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Quick Intro to Git for WordPressers    

Git for WordPressers

Nowadays a version control system, also known as VCS, is a must-have tool in your development arsenal, no matter whether you are a software developer, a web developer or a designer. Having a history of your changes is a very important part of your workflow.

One of the best version control systems for WordPress at the moment is Git. This powerful combination provides numerous tricks right out of the box to make your life easier.

What is Git?

What is Git and what does it do actually?” is a common question, asked not only by non-developers but by some developers, too. So before getting into more details, let’s make sure we have that question sorted out.

Git is an open source project, originally developed in 2005 by Linus Torvalds, the famous creator of the Linux operating system kernel. Since then, Git is being constantly improved and is now actively maintained as the currently most widely used version control system in the world.

There are other once-popular VCSs like CVS (Concurrent Versions System) or SVN (Subversion), but what they lack Git has is the distributed architecture. This means that in Git, every developer’s working copy of the code is also a repository that can contain the full history of all changes, rather than having one single place to store it.

That’s essentially what Git is. Now, let’s say a few words about what it does and what it gives you. Having a history of all the changes you have made gives you a lot of flexibility as well as safety. Why? Well because…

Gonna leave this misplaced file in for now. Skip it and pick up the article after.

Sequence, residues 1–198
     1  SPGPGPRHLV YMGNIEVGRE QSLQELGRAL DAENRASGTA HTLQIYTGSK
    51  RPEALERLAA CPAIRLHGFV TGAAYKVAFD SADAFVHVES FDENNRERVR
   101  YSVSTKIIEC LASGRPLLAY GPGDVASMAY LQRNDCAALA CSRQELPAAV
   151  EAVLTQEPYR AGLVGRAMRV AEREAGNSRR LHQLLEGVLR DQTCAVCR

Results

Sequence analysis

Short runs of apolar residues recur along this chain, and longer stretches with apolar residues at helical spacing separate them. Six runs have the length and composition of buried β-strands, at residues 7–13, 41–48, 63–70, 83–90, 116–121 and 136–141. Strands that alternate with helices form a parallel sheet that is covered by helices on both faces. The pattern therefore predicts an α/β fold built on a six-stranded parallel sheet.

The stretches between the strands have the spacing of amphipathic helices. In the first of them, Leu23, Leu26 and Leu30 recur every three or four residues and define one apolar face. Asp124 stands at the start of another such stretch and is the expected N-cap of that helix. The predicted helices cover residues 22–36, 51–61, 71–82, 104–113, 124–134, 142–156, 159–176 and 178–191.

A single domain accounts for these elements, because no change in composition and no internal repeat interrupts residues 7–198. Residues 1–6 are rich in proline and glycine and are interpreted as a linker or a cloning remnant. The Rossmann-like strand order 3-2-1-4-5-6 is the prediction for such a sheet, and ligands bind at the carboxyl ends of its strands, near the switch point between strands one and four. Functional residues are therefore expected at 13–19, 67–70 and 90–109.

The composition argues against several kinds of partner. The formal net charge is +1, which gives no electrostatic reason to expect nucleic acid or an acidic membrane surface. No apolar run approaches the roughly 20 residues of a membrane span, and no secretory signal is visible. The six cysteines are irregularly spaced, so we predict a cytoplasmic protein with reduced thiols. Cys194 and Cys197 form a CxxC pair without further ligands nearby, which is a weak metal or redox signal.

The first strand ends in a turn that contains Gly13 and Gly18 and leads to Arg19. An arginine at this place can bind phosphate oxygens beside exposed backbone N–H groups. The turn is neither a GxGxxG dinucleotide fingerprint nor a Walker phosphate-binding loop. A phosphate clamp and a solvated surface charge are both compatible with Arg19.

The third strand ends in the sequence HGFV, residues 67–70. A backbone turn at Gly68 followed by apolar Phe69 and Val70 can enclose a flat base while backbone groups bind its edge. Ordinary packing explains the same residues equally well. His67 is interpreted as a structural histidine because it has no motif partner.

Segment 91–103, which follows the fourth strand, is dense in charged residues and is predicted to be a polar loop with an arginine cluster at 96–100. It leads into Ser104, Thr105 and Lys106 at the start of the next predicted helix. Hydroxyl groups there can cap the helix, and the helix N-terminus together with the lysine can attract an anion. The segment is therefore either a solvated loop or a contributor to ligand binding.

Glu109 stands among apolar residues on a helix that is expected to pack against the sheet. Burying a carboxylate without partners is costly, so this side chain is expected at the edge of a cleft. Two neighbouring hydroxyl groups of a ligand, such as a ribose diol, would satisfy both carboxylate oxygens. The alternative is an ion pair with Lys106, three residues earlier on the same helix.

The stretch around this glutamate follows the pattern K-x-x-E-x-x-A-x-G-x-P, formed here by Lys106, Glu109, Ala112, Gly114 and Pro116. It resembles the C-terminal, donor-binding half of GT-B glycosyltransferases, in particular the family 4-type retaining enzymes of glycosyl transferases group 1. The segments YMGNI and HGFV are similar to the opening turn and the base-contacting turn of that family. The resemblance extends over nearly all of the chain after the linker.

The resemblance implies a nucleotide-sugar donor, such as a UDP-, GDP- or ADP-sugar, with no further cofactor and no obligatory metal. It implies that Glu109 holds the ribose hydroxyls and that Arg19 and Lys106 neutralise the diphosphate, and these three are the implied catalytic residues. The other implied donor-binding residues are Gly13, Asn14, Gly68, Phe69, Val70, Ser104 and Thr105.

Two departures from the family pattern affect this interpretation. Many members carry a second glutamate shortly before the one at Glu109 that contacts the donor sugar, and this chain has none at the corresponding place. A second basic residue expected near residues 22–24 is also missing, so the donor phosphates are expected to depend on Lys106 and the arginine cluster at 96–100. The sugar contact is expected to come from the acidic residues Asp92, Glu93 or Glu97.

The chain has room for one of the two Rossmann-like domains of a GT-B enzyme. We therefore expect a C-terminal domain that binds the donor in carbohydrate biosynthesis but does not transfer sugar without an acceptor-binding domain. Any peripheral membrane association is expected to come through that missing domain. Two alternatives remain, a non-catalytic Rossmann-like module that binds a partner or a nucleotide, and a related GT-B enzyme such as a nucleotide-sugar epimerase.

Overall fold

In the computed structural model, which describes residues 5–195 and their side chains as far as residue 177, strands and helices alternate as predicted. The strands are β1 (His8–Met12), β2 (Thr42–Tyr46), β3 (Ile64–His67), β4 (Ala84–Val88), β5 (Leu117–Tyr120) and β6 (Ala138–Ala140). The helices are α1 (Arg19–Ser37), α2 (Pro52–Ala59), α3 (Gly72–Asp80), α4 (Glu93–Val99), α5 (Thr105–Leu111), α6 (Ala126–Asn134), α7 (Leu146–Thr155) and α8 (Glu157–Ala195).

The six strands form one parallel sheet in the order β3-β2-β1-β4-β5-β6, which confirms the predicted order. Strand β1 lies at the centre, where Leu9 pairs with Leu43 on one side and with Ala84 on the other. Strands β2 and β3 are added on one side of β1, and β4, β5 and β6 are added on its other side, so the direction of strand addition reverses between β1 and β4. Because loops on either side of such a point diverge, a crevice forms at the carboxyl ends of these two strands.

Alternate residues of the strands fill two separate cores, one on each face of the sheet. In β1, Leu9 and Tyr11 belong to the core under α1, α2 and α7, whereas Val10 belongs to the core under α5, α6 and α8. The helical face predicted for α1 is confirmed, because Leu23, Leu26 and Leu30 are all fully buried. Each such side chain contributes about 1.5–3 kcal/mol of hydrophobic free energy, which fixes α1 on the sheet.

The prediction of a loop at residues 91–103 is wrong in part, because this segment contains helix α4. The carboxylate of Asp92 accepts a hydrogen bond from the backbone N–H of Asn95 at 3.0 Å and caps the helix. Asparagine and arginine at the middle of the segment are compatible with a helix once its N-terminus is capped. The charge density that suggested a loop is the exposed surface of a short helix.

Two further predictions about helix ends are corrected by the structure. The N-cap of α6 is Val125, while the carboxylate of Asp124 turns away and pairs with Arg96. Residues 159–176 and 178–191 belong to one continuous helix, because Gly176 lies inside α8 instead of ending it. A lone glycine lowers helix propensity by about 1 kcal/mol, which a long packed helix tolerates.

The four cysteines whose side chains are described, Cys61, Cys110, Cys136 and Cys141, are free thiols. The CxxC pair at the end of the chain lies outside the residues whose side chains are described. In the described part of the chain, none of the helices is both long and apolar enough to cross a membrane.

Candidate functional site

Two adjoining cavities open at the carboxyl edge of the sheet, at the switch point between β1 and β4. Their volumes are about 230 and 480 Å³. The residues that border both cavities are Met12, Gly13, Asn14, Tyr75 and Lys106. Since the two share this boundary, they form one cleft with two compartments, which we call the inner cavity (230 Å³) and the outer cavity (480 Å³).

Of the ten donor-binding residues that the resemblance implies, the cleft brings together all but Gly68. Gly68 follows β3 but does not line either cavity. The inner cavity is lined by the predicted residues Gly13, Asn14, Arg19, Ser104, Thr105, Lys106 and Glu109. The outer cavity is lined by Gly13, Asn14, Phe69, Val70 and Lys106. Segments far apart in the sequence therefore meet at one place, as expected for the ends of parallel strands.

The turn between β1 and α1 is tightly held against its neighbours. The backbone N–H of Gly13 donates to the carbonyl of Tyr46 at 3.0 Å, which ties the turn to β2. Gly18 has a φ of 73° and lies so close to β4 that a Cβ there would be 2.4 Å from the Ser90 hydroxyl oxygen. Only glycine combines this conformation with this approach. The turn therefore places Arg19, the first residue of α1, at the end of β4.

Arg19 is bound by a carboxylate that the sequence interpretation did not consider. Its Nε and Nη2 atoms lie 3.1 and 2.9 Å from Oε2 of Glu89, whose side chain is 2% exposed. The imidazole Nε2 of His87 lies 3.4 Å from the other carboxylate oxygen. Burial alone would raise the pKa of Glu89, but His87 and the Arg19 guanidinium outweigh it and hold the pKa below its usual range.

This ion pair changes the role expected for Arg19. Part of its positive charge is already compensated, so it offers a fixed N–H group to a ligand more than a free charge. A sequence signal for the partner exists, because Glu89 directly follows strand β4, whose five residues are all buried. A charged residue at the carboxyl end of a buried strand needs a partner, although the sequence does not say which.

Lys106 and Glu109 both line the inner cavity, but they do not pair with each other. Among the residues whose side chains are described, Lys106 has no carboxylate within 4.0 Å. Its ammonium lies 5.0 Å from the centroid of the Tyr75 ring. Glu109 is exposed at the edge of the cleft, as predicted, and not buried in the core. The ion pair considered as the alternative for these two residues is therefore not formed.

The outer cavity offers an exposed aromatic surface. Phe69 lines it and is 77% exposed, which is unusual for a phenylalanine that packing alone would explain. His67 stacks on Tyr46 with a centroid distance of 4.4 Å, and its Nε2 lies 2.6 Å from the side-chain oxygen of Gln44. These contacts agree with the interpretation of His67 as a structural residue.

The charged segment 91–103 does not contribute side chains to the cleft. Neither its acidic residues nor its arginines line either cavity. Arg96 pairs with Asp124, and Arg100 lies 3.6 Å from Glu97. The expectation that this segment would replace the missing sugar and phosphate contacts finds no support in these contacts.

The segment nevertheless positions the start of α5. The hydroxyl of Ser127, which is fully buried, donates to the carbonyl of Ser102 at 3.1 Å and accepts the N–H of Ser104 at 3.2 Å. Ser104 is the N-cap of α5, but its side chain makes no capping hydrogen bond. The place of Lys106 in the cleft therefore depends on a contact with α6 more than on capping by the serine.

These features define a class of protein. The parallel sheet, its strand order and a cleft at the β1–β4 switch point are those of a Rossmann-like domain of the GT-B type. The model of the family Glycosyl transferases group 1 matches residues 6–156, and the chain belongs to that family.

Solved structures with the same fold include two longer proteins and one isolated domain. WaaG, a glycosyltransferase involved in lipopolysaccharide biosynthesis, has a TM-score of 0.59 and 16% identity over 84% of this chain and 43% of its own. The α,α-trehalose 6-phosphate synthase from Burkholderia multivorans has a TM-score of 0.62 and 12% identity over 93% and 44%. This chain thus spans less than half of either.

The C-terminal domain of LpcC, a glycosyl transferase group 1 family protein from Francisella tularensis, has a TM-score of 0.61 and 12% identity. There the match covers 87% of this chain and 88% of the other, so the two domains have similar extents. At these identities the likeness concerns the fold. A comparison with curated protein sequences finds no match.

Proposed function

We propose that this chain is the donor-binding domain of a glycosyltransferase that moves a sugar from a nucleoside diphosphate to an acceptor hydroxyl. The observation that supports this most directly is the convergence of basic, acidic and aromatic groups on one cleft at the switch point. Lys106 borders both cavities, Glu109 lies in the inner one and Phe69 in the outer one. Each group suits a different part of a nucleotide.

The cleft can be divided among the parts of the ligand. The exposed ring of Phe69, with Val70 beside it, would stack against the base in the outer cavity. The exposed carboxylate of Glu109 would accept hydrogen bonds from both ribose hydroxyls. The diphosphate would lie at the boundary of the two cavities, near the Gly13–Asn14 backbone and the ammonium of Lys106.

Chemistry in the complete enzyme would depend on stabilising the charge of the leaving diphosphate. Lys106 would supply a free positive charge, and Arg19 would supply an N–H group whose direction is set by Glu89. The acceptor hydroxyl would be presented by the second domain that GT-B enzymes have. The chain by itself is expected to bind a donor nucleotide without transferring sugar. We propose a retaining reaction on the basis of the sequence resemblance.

• You can experiment with new features freely without losing the stable version of your code.
  • If something goes wrong, you can always revert to a previous version.
  • You can have your code split into different branches so that it’s well organized.
  • You can track your changes, progress and growth of your project.
  • You get informed by Git when there is a possibility of having lines of code overwritten by others (the so-called “merge conflicts”).

  • Git is just the best.

Should You Use Git for WordPress?

You definitely should. Assuming what Git provides, the obvious answer is “Yes”. It’s always a good idea to use a version control system and Git in particular. No matter whether you make changes to your theme or a child theme, active plugins or developing new ones, using Git makes your life easier. Moreover, it’s used for the development of the WordPress Core itself.

There is a lot of hypothetical situation where Git will “save your life”.

For example:

You are working hard on a new feature when suddenly your physical machine dies and all your progress is lost – you have it in Git, though.

You have done a few styling or code changes, but later on, you find out that this breaks the design for a few pages or it even takes down the whole site – you can revert from your latest changes to your Git history quickly and then handle the situation with a lot less tension.

How to Use It? Command Line vs. GUI?

When it comes to that question, the best answer would be: It’s up to your personal preferences – both have pros and cons. In both cases, you get the full functionality of Git. The difference is the ease of use and how good you’ll get to know the features.